© Herald Photo by Dave Leaderhouse
What started out as just finding something to do has turned into a 30-year association with the Special Olympics and as a result the Prince Albert Sports Hall of Fame is honouring Darren Whitehead for his committment and passion for the organization by including him in the 2013 class of inductees. Whitehead is being celebrated for his meritorious service to sport and will join Malcolm Jenkins in that category when the annual induction banquet is held on Saturday in the Ches Leach Lounge at the Art Hauser Centre.
Editor’s note: This is the sixth instalment of a series of profiles highlighting those who will be inducted into the Prince Albert Sports Hall of Fame on Saturday. The annual induction banquet is scheduled for 6 p.m. in the Ches Leach Lounge at the Art Hauser Centre.
In a small way, the Saskatchewan Special Olympics, and the Prince Albert branch in particular, owe a big thank-you to the provincial government.
If it were not for a transfer to North Battleford in the early 1980s one might not know if Darren Whitehead would have got involved in the organization, but 30 years later he is still dedicating numerous hours and getting to see a good chunk of the world because of it.
“I got transferred to North Battleford and my boss had a son with an intellectual disability,” says Whitehead when recalling how his involvement in Special Olympics got started. “I was there by myself and he asked me if I wanted to come out one night and help out. I’ve been there ever since.”
“Winning doesn’t mean anything in Special O,” adds Whitehead. “It’s all about participation.”
Since joining the organization, Whitehead has been to four World Games – Alaska, Idaho, Japan and Korea – and five national Games – Charlottetown, PEI; Quebec City; Vancouver; London, Ont.; St. Albert, Alta. – in addition to 20-plus provincial Games including summer and winter events that were held in Prince Albert.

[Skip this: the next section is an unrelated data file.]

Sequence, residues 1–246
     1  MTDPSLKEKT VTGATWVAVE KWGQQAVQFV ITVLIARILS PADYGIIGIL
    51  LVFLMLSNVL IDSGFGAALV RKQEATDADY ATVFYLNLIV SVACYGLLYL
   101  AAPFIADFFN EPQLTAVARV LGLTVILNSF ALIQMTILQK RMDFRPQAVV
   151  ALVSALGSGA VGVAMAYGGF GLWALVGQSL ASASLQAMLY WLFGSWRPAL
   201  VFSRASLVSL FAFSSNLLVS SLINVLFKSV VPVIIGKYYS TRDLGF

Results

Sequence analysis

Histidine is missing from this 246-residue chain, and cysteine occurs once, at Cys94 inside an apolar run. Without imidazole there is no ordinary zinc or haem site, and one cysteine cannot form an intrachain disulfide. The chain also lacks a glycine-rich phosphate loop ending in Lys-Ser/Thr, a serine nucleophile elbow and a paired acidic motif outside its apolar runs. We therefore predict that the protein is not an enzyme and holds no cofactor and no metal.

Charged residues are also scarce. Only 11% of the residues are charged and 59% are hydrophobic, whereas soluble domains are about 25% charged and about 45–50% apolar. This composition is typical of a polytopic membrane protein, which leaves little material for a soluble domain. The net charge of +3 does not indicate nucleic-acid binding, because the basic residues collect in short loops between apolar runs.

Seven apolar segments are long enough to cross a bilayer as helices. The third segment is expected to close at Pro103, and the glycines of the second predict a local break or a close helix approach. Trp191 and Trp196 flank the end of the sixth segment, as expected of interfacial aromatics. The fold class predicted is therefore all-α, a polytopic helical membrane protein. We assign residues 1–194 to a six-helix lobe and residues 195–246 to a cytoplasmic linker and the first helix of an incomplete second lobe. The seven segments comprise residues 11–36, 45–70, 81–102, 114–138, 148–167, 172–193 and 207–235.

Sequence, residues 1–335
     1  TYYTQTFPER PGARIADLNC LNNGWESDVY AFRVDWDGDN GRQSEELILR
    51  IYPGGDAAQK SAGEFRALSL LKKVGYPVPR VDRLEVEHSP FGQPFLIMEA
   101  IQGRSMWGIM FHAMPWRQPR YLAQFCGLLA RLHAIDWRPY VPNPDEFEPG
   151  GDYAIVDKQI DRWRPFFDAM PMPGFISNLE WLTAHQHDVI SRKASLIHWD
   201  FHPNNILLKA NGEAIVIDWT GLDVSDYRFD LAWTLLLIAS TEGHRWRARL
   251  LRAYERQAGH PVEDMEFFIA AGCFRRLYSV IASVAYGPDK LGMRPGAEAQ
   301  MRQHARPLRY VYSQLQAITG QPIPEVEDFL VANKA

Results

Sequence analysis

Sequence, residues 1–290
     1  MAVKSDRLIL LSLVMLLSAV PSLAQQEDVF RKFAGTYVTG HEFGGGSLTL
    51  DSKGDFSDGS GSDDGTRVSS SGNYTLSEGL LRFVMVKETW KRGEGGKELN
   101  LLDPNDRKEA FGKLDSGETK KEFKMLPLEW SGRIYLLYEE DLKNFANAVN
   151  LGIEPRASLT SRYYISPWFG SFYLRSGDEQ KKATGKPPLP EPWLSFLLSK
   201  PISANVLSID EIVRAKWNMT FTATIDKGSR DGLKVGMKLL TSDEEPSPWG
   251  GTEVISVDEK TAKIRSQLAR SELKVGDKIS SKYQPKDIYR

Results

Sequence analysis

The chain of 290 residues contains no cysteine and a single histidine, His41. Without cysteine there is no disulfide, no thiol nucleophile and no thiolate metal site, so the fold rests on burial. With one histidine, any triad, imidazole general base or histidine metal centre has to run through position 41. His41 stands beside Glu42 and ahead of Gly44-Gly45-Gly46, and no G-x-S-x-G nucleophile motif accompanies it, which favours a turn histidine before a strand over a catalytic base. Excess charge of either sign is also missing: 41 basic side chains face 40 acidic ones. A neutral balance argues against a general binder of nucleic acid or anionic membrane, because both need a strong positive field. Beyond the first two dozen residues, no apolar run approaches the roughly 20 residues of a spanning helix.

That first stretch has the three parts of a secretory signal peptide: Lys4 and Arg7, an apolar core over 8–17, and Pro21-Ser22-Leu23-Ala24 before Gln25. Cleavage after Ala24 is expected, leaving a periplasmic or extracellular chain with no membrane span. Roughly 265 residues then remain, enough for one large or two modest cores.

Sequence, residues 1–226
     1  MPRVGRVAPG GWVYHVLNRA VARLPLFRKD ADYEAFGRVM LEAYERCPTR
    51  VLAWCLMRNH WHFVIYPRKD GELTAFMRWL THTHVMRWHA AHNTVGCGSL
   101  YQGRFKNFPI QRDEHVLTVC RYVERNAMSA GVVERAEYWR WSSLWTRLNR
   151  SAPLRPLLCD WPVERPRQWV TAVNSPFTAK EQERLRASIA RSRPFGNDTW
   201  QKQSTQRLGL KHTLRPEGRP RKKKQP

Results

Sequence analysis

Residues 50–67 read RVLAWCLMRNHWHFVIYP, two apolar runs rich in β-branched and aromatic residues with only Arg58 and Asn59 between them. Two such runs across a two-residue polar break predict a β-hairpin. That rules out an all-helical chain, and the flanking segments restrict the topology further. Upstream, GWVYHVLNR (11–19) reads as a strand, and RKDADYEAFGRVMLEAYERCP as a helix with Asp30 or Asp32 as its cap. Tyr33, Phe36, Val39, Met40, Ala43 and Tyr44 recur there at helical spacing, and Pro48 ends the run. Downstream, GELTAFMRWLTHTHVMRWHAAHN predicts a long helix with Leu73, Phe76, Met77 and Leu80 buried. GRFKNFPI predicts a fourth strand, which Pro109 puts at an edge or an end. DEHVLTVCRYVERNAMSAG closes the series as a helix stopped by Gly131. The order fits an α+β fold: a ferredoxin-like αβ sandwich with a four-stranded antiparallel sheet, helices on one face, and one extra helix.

Whitehead has coached floor hockey, athletics, softball, golf and bowling and since 1995 he has been the referee-in-chief and sport technical advisor for floor hockey for the Saskatchewan Special Olympics.
Having also served on numerous committees, Whitehead spearheaded a joint venture with the Prince Albert Raiders to host the annual Training for Life Power Breakfast which serves as a major fundraiser for both groups.
Although his experiences have all been very positive, Whitehead does admit to periods of frustration. Those, however, are brief as he says an hour after an incident occurs “you just sit there and giggle at what just happened.”
With plans of retiring from both work and the Special Olympics still five or six years away, Whitehead says he is honoured and surprised to be included in this year’s class of inductees going into the Prince Albert Sports Hall of Fame.
“I don’t know how well I deserve it; I’m still not retiring,” says Whitehead. “It’s a real honour and something I didn’t expect at all.”
“I’d like to go to one more world’s,” adds Whitehead in reference to the next World Games being held in Austria in 2017. “The next nationals are in Newfoundland and that is the only place in Canada I haven’t seen.”
Whitehead’s commitment to the Special Olympic is being recognized once again – he was the Special Olympics coach of the year in 1993 and Prince Albert Sportsman of the Year in 2010 – as he is being honoured for meritorious service to sport when the Prince Albert Sports Hall of Fame holds its annual induction banquet on Saturday.
Whitehead will join Malcolm Jenkins in that category while also being enshrined are Sherry Anderson in the athlete’s category; Barry Mihilewicz, Dwight Bergstrom, Wayne Simpson and Ron Horn as builders; the 1948 Royal Hilltops fastball team and Prince Albert Minor Softball as the inaugural association of the year.
Tickets for the banquet are available by contacting the Community Services Department in City Hall.